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You heard someone on TV say student loans are “good debt” that pays for your education and usually carries low interest. Go or no-go?

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No go
Posted by Briana ·

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Regeniu$ posted:

College is becoming a racket. Our young citizens think they are too good to do the dirty jobs—so they acquire a fortune in college debt, then think they should come out of college making the same salary as a 25 year veteran of fill-in-the-blank-profession. Their starting wage is high... because they need incentive to work, which leaves no money in the budget for experienced professionals to receive a merit raise. 

It is becoming more common for people to not be able to find the job they think they need after a college diploma. The undergraduate degree is being devalued—it’s not enough education to land a good job anymore. Enter graduate school and more debt. Before you know it, 10 years in school and tons of debt—which may be forfeited, causing tuition to rise, causing debt to rise... vicious cycle.

Then the person in school for 10 years gets a higher wage than the person actually on the job who “invented the wheel,” in the first place.

Two years of trade school and an individual can make more in the first year than a highly skilled laboratory research professional of 20 years. It is quite disheartening.

If people were not willing to pay so much for “education,” they would be much more wealthy in  the long run. This concept, however, requires common sense, which unfortunately, is greatly lacking in today’s society—and cannot be purchased for any amount.

Bless our hearts. 🙄

And the job listings put there are insulting ..amazon requires a bachelor's for a CSR position that pay $13 per hour? Entry level everything requires degrees and/or experience? Some places would like a master's before they will hire you for $10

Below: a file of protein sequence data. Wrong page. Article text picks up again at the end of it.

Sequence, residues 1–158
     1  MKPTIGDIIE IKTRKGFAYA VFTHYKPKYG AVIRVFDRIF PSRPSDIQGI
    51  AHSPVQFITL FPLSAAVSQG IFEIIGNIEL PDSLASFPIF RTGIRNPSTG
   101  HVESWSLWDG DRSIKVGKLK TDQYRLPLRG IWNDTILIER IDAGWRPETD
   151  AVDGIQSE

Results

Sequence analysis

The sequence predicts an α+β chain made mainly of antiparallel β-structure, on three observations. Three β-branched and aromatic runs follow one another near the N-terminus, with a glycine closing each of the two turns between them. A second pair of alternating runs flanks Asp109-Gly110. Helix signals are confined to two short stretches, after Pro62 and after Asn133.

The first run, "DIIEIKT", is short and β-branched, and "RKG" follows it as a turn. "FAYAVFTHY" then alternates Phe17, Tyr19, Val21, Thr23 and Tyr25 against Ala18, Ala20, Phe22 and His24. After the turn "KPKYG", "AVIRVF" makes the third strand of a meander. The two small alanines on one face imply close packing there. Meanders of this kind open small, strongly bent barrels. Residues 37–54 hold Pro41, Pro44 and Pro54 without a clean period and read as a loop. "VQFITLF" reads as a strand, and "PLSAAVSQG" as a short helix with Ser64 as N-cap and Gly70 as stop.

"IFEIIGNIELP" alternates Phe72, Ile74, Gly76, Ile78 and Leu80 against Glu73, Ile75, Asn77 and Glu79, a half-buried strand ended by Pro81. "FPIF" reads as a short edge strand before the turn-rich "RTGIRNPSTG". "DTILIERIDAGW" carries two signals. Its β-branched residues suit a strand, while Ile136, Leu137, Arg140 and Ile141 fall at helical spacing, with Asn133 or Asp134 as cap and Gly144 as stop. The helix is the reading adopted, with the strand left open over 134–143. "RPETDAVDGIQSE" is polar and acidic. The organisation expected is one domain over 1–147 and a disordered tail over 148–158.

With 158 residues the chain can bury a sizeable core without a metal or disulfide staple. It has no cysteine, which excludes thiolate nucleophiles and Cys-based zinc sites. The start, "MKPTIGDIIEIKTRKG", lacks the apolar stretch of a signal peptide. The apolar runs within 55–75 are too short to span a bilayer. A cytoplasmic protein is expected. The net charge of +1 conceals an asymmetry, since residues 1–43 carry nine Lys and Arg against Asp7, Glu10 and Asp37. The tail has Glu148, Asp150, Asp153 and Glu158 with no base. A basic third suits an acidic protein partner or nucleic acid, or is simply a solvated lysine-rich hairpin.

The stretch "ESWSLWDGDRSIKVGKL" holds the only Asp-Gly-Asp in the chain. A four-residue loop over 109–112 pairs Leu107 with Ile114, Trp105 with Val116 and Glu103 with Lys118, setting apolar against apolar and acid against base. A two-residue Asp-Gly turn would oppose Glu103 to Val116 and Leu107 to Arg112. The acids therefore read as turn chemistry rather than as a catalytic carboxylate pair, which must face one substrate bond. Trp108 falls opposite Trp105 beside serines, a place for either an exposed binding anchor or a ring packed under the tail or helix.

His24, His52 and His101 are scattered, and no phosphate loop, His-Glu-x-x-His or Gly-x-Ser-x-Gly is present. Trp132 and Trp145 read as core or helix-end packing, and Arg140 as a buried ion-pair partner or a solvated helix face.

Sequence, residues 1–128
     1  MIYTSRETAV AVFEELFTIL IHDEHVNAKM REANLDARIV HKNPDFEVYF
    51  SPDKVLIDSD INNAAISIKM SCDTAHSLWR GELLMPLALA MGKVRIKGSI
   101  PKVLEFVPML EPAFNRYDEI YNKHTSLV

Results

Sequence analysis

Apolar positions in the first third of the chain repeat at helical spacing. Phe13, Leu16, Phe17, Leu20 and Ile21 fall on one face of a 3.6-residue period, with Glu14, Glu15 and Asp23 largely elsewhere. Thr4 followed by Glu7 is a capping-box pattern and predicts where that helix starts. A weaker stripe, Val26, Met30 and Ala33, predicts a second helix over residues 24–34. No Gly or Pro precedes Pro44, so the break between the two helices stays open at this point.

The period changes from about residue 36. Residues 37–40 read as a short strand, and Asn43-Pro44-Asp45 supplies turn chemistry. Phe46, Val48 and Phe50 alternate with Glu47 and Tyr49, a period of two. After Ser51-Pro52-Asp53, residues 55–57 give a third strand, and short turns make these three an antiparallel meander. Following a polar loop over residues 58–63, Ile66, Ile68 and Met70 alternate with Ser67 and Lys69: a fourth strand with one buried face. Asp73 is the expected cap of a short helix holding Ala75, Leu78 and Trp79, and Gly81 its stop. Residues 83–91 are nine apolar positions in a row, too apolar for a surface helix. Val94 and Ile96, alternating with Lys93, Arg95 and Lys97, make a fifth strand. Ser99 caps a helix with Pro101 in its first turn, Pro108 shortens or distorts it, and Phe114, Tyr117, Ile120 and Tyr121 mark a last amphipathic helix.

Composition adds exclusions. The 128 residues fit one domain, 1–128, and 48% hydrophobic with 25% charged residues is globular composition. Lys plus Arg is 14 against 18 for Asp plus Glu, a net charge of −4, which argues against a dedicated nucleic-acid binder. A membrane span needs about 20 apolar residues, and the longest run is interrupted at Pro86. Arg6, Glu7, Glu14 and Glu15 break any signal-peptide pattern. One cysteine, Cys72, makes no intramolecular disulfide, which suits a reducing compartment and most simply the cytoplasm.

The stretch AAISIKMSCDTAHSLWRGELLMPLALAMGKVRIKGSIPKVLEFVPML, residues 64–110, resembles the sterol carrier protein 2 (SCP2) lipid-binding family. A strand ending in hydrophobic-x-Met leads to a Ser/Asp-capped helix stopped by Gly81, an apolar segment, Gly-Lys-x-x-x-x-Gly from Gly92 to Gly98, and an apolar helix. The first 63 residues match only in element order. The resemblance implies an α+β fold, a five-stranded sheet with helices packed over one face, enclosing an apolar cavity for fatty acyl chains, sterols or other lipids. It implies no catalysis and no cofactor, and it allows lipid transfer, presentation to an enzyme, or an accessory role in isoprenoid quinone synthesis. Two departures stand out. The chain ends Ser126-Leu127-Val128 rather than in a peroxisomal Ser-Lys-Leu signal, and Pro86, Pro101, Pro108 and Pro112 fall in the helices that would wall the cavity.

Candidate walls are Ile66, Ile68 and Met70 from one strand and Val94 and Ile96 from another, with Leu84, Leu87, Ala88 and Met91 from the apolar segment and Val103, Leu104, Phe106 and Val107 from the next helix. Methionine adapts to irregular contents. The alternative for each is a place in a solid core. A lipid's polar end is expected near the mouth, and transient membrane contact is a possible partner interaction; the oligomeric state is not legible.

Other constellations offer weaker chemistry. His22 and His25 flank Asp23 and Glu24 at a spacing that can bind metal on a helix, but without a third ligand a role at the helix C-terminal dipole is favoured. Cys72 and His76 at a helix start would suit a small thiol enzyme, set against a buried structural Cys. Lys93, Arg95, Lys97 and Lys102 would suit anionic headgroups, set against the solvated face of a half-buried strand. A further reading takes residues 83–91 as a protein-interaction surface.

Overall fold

Who can afford to rack up all that debt and think they can pay it and support themselves on barely over min wage. 

Student loans are both good and bad.  They help you get an education, when you probably wouldn't be able to pay for it, but paying them back can go on endlessly.  If you do have student loans, the quicker you can get them paid back, the better off you are.

student loan can be a set back to take on other things that you would want to in life but if it wasnt for student loan maybe i wouldnt have received my college education. its not altogether bad but something to really think about before using it for your college education. 

No debt is good debt.  Some are better and there is some truth to the lower rates for ED loans.  I see people drowning in ED debt and some can't qualify for mortgage. Best to get 2 year degree then go for remaining years as needed. Try and do part time work while at school to cut amount needed.  

Reasonable car debt so you can work is better debt.  Poor debt is charge cards of any form. There should be a class on financial needs (and not just stick or insurance finances).  

My daughter a recent university graduate, received grants and worked full-time during college. However, she was still forced to take out a minimal amount of student loans. Technical and Trade school take advantage, by inflating the cost/fees and pressuring their students to take out excessive loans.

 

 

The interest rates we are paying for our daughters' loans are not low, and they add up quickly. I say no-go and wish I had explored a few other options before getting in such deep debt.

College is becoming a racket. Our young citizens think they are too good to do the dirty jobs—so they acquire a fortune in college debt, then think they should come out of college making the same salary as a 25 year veteran of fill-in-the-blank-profession. Their starting wage is high... because they need incentive to work, which leaves no money in the budget for experienced professionals to receive a merit raise.